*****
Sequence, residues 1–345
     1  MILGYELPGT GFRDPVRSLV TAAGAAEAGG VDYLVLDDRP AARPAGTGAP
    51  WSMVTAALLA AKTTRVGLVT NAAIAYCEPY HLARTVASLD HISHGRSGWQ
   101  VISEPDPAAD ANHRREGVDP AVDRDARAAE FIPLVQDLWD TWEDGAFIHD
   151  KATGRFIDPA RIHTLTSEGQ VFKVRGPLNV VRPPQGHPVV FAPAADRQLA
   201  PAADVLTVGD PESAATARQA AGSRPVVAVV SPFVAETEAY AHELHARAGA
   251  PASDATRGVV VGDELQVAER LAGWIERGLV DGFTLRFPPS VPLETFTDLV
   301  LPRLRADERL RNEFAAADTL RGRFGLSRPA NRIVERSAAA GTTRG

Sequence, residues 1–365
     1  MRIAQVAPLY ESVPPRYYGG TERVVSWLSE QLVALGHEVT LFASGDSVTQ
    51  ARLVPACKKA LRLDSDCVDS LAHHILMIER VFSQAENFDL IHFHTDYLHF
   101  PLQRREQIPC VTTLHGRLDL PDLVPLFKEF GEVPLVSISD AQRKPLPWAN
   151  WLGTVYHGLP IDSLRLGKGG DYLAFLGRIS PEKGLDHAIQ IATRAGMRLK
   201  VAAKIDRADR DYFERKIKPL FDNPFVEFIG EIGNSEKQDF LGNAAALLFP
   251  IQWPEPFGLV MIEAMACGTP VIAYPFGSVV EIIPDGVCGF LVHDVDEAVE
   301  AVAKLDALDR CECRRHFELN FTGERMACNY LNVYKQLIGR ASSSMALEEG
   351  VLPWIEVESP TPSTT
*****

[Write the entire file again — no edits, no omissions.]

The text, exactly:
Sequence, residues 1–345
     1  MILGYELPGT GFRDPVRSLV TAAGAAEAGG VDYLVLDDRP AARPAGTGAP
    51  WSMVTAALLA AKTTRVGLVT NAAIAYCEPY HLARTVASLD HISHGRSGWQ
   101  VISEPDPAAD ANHRREGVDP AVDRDARAAE FIPLVQDLWD TWEDGAFIHD
   151  KATGRFIDPA RIHTLTSEGQ VFKVRGPLNV VRPPQGHPVV FAPAADRQLA
   201  PAADVLTVGD PESAATARQA AGSRPVVAVV SPFVAETEAY AHELHARAGA
   251  PASDATRGVV VGDELQVAER LAGWIERGLV DGFTLRFPPS VPLETFTDLV
   301  LPRLRADERL RNEFAAADTL RGRFGLSRPA NRIVERSAAA GTTRG

Sequence, residues 1–365
     1  MRIAQVAPLY ESVPPRYYGG TERVVSWLSE QLVALGHEVT LFASGDSVTQ
    51  ARLVPACKKA LRLDSDCVDS LAHHILMIER VFSQAENFDL IHFHTDYLHF
   101  PLQRREQIPC VTTLHGRLDL PDLVPLFKEF GEVPLVSISD AQRKPLPWAN
   151  WLGTVYHGLP IDSLRLGKGG DYLAFLGRIS PEKGLDHAIQ IATRAGMRLK
   201  VAAKIDRADR DYFERKIKPL FDNPFVEFIG EIGNSEKQDF LGNAAALLFP
   251  IQWPEPFGLV MIEAMACGTP VIAYPFGSVV EIIPDGVCGF LVHDVDEAVE
   301  AVAKLDALDR CECRRHFELN FTGERMACNY LNVYKQLIGR ASSSMALEEG
   351  VLPWIEVESP TPSTT